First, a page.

Steven Rattner is the social-climbing financier who resigned as auto czar because his private equity firm is embroiled in a pay-to-play scandal. Everyone's waiting for shoes to drop, but New York says Rattner's biggest problem is that nobody likes him.
Steve Fishman's profile of Rattner, for which the Quadrangle Group founder did not submit to an interview, is a fairly astringent psychological assessment of the New York Times reporter-turned-banker as a calculating overachiever whose desire for power is frustrated by the fact that he's a cold, distant, and has no real friends. Which is pretty much what we'd imagine of anyone who once dated Judith Miller. But while Fishman's takedown seems devastating, it basically lets Rattner off the hook for his involvement in a scheme to pay off consultant Hank Morris to drive New York pension fund business to Quadrangle, portraying the deal as poor form rather than illegal. Rattner is credited with a masterful capacity to snow reporters, owing to his having been one himself. Whether he applied those powers to New York or not, he certainly got what he wanted: The first major profile since his sudden and still-unexplained resignation waits until the very end to get into the stuff about how Rattner paid a middleman and granted a movie deal to the deputy comptroller's brother-in-law in order to get his hands on pension money, and downplays the significance of the charges.
More interesting to Fishman (and still interesting to us), is the stuff about how everyone thinks Rattner is an arrogant prick. "In some weird way," a colleague told Fishman, "he kind of knows that once you get to know him, you won't like him, and I don't think he cares. Which is really useful if you want to get ahead."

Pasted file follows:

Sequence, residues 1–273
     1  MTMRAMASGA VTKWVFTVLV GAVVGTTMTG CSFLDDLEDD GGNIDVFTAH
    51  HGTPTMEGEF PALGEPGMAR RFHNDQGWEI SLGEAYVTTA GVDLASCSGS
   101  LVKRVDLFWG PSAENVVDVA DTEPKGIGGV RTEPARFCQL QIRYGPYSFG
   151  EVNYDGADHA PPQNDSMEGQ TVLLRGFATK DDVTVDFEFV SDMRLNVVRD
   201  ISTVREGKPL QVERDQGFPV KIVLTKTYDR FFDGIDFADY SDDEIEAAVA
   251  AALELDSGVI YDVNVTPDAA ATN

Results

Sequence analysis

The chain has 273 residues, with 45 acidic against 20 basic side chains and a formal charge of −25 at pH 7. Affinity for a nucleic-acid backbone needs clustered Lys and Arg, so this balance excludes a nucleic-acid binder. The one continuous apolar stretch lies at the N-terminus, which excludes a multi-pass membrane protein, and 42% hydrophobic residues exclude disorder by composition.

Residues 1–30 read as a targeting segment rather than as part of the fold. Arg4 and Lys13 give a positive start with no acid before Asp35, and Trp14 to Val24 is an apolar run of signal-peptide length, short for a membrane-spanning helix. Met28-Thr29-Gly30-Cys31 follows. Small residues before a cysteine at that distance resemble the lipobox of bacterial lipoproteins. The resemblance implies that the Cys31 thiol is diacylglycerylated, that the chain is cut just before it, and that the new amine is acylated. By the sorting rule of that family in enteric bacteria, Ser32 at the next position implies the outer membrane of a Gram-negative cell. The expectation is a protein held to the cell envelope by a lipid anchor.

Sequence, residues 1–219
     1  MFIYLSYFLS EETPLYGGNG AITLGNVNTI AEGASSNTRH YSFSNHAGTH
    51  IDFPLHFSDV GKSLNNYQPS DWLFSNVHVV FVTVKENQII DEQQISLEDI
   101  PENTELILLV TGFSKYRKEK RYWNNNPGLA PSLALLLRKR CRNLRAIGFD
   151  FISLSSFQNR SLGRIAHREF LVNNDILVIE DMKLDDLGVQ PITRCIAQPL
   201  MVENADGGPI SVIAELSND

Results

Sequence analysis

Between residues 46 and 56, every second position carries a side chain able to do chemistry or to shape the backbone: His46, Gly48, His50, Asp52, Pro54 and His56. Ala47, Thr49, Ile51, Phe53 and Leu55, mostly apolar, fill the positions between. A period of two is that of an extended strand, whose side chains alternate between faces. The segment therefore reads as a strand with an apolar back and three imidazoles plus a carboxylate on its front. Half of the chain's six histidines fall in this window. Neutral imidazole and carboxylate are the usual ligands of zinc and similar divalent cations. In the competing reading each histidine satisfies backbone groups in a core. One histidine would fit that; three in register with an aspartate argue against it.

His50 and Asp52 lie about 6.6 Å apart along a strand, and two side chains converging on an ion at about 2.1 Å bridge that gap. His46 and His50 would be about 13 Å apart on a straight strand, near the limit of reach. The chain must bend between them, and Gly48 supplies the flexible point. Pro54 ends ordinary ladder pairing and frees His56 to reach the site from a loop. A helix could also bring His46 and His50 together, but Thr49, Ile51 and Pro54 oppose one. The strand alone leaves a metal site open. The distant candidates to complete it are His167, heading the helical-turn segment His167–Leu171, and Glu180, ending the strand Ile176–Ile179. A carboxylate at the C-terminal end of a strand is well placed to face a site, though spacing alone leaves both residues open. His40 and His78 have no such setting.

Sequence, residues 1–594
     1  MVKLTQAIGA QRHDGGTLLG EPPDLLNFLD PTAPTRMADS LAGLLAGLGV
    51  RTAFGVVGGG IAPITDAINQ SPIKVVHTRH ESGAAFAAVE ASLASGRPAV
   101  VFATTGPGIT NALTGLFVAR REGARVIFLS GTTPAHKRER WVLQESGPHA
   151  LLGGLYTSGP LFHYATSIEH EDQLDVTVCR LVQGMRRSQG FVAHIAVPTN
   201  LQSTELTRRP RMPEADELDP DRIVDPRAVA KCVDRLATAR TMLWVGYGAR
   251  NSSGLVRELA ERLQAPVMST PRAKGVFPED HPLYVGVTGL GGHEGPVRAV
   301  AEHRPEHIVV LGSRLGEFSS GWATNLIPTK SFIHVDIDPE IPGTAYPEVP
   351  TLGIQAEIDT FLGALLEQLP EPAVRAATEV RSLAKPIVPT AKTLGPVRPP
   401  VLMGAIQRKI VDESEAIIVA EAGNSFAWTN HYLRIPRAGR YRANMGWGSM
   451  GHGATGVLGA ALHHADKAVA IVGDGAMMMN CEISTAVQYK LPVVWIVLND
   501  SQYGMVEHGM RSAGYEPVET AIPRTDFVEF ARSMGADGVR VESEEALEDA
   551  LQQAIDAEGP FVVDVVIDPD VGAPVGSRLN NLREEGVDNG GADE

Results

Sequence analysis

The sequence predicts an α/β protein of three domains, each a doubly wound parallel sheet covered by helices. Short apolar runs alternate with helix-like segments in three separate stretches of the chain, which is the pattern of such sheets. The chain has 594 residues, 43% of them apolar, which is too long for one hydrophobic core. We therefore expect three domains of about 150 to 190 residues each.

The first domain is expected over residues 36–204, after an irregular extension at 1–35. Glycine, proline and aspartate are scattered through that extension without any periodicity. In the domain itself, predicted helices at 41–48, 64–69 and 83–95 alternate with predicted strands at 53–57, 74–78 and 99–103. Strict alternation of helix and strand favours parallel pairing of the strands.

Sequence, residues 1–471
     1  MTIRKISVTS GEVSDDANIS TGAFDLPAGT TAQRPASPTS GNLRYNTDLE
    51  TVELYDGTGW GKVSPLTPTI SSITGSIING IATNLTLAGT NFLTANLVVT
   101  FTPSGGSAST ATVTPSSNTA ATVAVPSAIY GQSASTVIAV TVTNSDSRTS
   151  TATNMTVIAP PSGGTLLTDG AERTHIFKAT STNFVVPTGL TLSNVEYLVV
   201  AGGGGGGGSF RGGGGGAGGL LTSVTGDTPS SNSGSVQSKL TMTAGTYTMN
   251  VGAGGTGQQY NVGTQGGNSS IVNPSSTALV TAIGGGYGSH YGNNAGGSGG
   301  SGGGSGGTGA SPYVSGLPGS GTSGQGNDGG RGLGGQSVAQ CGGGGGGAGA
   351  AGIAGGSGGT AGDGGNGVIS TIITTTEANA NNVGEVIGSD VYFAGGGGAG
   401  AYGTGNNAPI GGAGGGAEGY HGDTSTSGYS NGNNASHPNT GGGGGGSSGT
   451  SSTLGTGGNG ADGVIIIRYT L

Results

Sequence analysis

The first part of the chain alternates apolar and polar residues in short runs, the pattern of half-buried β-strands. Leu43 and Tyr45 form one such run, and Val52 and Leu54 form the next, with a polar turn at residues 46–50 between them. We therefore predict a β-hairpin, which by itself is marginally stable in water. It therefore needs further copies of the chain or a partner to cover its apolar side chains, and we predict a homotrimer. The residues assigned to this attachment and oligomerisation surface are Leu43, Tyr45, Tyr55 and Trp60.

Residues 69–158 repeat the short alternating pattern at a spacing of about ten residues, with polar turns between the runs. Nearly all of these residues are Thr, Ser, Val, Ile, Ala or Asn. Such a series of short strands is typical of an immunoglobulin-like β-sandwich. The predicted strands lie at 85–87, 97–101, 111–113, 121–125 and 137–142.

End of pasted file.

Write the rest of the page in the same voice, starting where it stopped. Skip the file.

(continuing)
Why wouldn't you like someone who decided, when he was a reporter at the Times, that he deserved the status, power, and money that had been acquired by the idiots he covered?
"It begins to get on you after a while that [as a journalist] you are writing about people who have more power than you, more influence and more money, and are not any more capable," [Rattner's wife] told The Washington Monthly. "Why in God's name are you trailing them around the world and writing about them when you are smart enough to make the money and have influence commensurate with theirs?"
Sounds like a great guy. Rattner has apparently struggled all his life with the fact that he's a dick, and even undertook the help of a professional to help people like him more.
At Quadrangle, colleagues had confronted him about his manner. He was distant and haughty and they didn't like it. So Rattner hired an executive coach, Art Gingold, and worked with him for a couple of years until he left for Washington. It was essentially a likability course. "He took to the feedback as diligently as anybody I've coached," says Gingold, who declined to discuss personal details. "He studied, almost memorized it. He really took it to heart." Gingold helped Rattner change his behavior, and gave him pointers. Now Rattner walked down to people's offices. In meetings, where he'd been business-only, he now opened with, "Good morning, how was your weekend?" He took junior people to lunch. "It sounds simple and obvious, but wasn't [to him]," says Gingold.
The whole, "How was your weekend?" trick opened doors for Rattner, and he eventually landed his dream gig: Helping America (after enriching himself to the tune of up to $600 million) by working for the government on Barack Obama's auto-bailout team. But even better than the job was the fact that, finally, he might make some real friends! It was like moving to a new high school:
While upending the car industry, Rattner tried out his new personality skills. This was a fresh start with people who didn't yet have a view of him, he told a friend, and he fought his tendency to be cool and remote. He was proud of himself; the guys really seemed to respect and to like him.
So even if he had to resign under a cloud and might even end up under indictment, at least Rattner got some personal validation out of the deal. Which is better than the investors in Quadrangle got: The most damaging tidbit in the story is the fact that for all his wealth, his publicity, his friendship with Arthur Sulzberger, and his reputation for extraordinary competence, Rattner's fund does no better than municipal bonds:
Quadrangle's annual statement from 2008, a copy of which was obtained by New York, shows that after eight years, investors in the first $1 billion fund had just about got back their initial investment. There was still considerable "unrealized value," as the illiquid assets are called, and if you add that in, the returns beat a poorly performing stock market over that time, though they still wouldn't have outperformed a municipal bond. "We've had lots of investments that have disappointed," says Damon Mezzacappa, a former vice-chairman at Lazard and an investor. "Quadrangle was okay, not great."